OFFICIAL VOICE OF THE COMMUNIST PARTY OF CUBA CENTRAL COMMITTEE
After a week of resistance in the mountains of Santiago, Fidel was captured by Pedro Sarría Tartabull, an officer who opposed the cold-blooded murders of the rebels and, well aware of who Fidel was, he refused the order to kill him. Photo: Archive

The fact that the Cuban people were politically prepared and full of patriotic fervor in 1953 is made evident in the social composition of the revolutionary movement which the young attorney, Fidel Castro Ruz, was able to pull together in a short period of time following the military coup of March 10, 1952, carried out by Fulgencio Batista, and promptly recognized by the United States government, practically on the eve of general elections scheduled for June 1 that year.

The members of what would become a transforming, revolutionary movement recognized the critical moment in which they were living. They reflected the conception of the people that Fidel would later define in his defense statement following the Moncada assault known as “History will absolve me.”

The spark of a true revolution was lit among broad layers of Cuba society: campesinos, workers, modest professionals, unemployed youth, and those with precarious and seasonal jobs, drawn to the political program presented to the nation as the Moncada Manifesto. The insurgents were not only audacious. They understood and wanted to achieve more than a simple change of government.

The organization’s program was outlined by Fidel. A part came from the 1940 Constitution, abolished by Batista during the coup. This document, among other precepts, abolished the possession of vast areas of land, but laws to implement a land reform were never approved. Fidel’s proposal included as a fundamental point rejection of U.S. companies’ control, like that of the United Fruit Company, and others of all kinds, including those providing electricity and telephone services, as well as gasoline refineries.

Youth murdered in the Moncada Garrison displayed for the press as casualties of the battle. In the fight for Post Three, only six revolutionaries died, but the dictatorship’s torturers raised the figure to over 60 dead. Photo: Archive

Also among fundamental elements were the development of public education, a health care program within the reach of the entire people, and many other social demands that became a reality after the January 1, 1959, triumph of the Revolution, following the victory of the Rebel Army led by Fidel in the Sierra Maestra.

One antecedent is worth recalling, to better understand this silent organization of youth, ready to give their lives for the homeland. Throughout the decade, Cuba had seen a mass movement, described by many as “populist,” led by one unchallenged leader, Senator Eduardo Chibás, who advocated virtuous, honorable administration by the government as his political platform, which had as its symbol a broom, to sweep away all the evils inherited from a republic that was born lame, after the U.S. intervention at the end of a three-decade struggle for independence waged by Cubans since 1868, when Carlos Manuel de Céspedes launched the anti-colonial war, beginning by freeing slaves he held at La Demajagua plantation and inviting them to join the fight for Cuba’s freedom, as free men. A unique event in the history of the Americas.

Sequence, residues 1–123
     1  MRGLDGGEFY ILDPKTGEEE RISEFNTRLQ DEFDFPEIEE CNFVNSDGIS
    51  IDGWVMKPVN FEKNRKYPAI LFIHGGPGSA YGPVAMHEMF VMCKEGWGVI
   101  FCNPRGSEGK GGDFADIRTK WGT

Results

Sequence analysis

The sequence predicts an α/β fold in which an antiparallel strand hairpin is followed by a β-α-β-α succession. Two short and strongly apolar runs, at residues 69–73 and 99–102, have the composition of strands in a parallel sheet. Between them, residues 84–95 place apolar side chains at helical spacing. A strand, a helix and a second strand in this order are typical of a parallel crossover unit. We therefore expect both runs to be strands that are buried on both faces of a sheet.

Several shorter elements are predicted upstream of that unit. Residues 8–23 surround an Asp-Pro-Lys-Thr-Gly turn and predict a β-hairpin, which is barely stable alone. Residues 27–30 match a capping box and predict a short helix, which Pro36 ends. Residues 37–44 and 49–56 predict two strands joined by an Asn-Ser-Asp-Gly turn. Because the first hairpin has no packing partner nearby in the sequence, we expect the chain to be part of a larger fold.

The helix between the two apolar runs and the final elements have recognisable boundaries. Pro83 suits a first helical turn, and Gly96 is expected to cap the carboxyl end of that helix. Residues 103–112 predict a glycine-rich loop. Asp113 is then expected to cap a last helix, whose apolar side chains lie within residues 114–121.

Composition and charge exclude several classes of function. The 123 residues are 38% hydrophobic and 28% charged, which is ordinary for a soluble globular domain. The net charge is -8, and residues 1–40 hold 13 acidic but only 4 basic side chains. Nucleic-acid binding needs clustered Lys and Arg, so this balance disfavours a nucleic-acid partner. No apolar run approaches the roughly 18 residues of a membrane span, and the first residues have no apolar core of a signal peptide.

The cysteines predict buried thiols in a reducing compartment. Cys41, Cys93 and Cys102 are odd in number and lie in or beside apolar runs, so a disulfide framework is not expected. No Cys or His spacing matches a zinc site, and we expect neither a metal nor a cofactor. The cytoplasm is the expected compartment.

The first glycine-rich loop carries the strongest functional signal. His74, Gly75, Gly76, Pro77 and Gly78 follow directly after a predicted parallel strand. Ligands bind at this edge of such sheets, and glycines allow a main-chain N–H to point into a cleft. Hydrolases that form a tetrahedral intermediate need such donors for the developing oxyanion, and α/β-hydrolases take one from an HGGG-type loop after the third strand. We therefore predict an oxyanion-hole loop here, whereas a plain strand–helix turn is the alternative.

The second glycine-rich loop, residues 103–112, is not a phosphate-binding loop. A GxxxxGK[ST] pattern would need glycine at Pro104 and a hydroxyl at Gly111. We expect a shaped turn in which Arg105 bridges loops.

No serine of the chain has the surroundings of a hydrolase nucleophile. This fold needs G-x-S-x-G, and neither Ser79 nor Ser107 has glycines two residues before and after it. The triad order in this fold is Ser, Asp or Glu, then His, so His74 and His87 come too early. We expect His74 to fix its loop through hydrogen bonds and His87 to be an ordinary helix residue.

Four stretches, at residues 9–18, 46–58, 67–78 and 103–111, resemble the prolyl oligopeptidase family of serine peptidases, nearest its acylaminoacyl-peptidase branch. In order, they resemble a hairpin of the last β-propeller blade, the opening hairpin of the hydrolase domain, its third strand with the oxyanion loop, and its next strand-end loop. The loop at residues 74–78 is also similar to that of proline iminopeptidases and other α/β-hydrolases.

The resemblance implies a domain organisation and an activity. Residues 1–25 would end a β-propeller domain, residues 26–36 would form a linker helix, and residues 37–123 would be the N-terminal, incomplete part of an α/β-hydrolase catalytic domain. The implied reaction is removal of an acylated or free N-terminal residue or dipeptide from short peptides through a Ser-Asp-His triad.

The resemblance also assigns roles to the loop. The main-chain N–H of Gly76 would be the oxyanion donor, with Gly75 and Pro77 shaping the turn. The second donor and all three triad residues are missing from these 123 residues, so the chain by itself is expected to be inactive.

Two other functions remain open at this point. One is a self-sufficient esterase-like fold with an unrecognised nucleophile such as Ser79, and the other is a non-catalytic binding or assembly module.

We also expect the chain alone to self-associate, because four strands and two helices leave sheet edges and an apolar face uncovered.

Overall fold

Haydée Santamaría and Melba Hernández imprisoned. Photo: Archive

In 1953, the youth who would become the 26th of July Movement stated in their Manifesto that they were assuming “the revolution of Céspedes, Agramonte, Maceo, and Martí; of Mella, and of Guiteras, of Trejo, and of Chibás», since “in the conscience of Cuba’s men lies the triumph of the Cuban Revolution.”

For different tactical reasons, the definitive victory was no won at other historical moments, but the composition of the revolutionary, insurgent group of 1953 was similar to that of the great wars 50 years earlier, before the crippled first republic.

Illiteracy was growing in the 1950s, since public education and healthcare were of little concern to the governments of the moment, but political culture, in the most advanced sense of the term, was developing rapidly in our society, thanks to the patriotic tradition.

A drawing of the beginning of the Moncada trial. (Photographs were prohibited.) As an attorney, Fidel demanded the right to defend himself, but he was removed in the third session held in the Audiencia building. His self-defense statement is known as “History will absolve me,” his final words during the trial, delivered October 16 in an improvised courtroom in the Santiago Hospital, used as a nurses’ study room. Photo: Archive